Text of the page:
Fewer people receiving social welfare payment in Denmark: ministry

December 2018 saw an eight-year low for the number of people receiving Denmark’s basic social welfare payment for unemployment, according to government figures.

Fewer people receiving social welfare payment in Denmark: ministry
File photo: Linda Kastrup/Ritzau Scanpix

A total of 123,800 people received the benefit in the final month of last year, 32,700 fewer than in April 2016 with seasonal variation factored in, the Ministry of Employment wrote in a press statement.

There were also 300 fewer people in the system, known as kontanthjælp in Danish, in December 2018 in comparison with a count the previous month, the ministry wrote.

The system provides basic living support for those who are not working and not covered by the semi-privatised a-kasse unemployment insurance system, and also provides for those who receive the lower integrationsydelse given to recently-arrived refugees who have been granted asylum in Denmark.

The trend applies across the country, according to the ministry press release, with “the vast majority of municipalities having seen a marked reduction [in number of people receiving the basic social welfare], typically over 15 percent across the years 2017 and 2018”.

“It is unbelievably positive that more people are coming away from kontanthjælp, and we must continue to work to make sure this positive trend continues,” employment minister Troels Lund Poulsen said in the press statement.

“January brought the best growth in jobs for 10 years, and we should take advantage of these times to bring more people from the fringes of the jobs market into the working community. That is good for individuals and good for society,” the minister added.

The social welfare trend highlighted by the ministry fits with consistent reports of increasing employment and falling unemployment in Denmark, and business confederations pointing out that companies are sometimes struggling to fill vacant positions.

The government introduced strict new rules on social welfare in 2016, including the so-called kontanthjælpsloft, a limit on the amount a household can be entitled to, and a rule which states that single people must work 225 hours in a year in order to receive the full benefit.

Poulsen said that favourable economic conditions “naturally played a significant role in the positive trend, but I am also convinced that government policies are having an effect.”

Tighter limits on social welfare increase the incentive to work, the ministry writes in the press release, echoing a key 2015 election campaign slogan of the governing Venstre (Liberal) party, which stated that 'it must pay to work'.

READ ALSO: One in ten wage earners in Denmark is a foreign national

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Labour shortage hits half of Danish companies in construction sector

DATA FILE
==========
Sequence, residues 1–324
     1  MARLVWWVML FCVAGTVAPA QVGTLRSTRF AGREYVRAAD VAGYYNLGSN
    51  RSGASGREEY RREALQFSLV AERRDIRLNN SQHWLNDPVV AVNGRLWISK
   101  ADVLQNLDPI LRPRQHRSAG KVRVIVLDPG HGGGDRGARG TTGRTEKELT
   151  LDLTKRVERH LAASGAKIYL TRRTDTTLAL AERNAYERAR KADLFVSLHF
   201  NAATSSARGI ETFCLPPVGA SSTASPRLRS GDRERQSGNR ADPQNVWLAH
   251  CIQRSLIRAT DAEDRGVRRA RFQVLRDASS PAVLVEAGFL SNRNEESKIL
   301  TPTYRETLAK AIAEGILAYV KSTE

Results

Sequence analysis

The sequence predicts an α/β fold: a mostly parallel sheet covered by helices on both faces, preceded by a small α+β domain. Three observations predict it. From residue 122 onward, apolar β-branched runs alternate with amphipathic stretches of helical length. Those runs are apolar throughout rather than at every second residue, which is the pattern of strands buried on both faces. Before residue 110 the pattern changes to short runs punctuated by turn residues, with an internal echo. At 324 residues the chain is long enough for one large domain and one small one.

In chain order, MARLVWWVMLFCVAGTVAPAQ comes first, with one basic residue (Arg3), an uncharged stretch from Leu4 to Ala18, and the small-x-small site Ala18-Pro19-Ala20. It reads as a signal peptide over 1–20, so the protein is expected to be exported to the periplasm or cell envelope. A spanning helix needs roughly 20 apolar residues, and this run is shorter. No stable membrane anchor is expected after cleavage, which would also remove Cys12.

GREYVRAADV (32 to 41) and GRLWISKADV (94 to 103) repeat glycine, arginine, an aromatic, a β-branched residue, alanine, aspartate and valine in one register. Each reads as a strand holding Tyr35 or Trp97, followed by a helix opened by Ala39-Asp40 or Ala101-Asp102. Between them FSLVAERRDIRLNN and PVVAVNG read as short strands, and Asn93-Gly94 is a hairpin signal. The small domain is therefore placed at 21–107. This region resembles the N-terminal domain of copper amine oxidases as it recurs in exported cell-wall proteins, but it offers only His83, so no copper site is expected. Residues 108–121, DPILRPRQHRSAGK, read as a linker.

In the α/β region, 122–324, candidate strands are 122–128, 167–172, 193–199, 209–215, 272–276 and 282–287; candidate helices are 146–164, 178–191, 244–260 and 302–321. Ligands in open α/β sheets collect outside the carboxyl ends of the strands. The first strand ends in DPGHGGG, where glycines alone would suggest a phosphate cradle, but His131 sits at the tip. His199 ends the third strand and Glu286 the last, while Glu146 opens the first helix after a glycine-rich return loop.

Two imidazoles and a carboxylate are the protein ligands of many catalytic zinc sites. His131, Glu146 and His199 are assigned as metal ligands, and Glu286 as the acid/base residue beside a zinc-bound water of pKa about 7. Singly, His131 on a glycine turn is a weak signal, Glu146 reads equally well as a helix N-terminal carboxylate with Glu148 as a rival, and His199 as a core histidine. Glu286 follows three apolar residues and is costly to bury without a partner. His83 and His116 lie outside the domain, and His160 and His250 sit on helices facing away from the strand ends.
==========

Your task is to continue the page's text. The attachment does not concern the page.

A record-high shortage of labour at some Danish companies is exacerbated in some places by a lack of materials, according to new data.

A file photo of construction in Aalborg. As many of half of construction companies in Denmark currently report a lack of labour.
A file photo of construction in Aalborg. As many of half of construction companies in Denmark currently report a lack of labour. Photo: Henning Bagger/Ritzau Scanpix

The construction industry reports a lack of labour at around half of all companies, according to a survey by Statistics Denmark, based on responses from businesses.

In the service industry, which includes restaurants, hotels and cleaning, one in three companies reported a lack of workforce.

Some industries, notable machinery related businesses, also said they are short of materials currently.

The lack of labour is holding the Danish economy back, according to an analyst.

“Never before have we seen such a comprehensive lack of labour in the Danish economy,” senior economist Søren Kristensen of Sydbank said.

“It’s a shame and it’s a genuine problem for a significant number of the businesses which at the moment are losing revenue as a consequence of the lack of labour,” Kristensen continued.

“That is costly, including for all of Denmark’s economic growth. Even though we on one side can be pleased that it’s going well for the Danish economy, we can also regret that it could have been even better,” the economist said in a comment to news wire Ritzau.

Despite the lack of labour, businesses have their most positive outlook for years, according to Statistics Denmark.

The data agency based its conclusions on a large volume of responses from companies related to revenues, orders and expectations for the future.

The numbers are processed into a measure termer business confidence or erhvervstillid in Danish. The October score for the metric is 118.7, the highest since 2010, although there are differences between sectors.

READ ALSO: Are international workers the answer to Denmark’s labour shortage?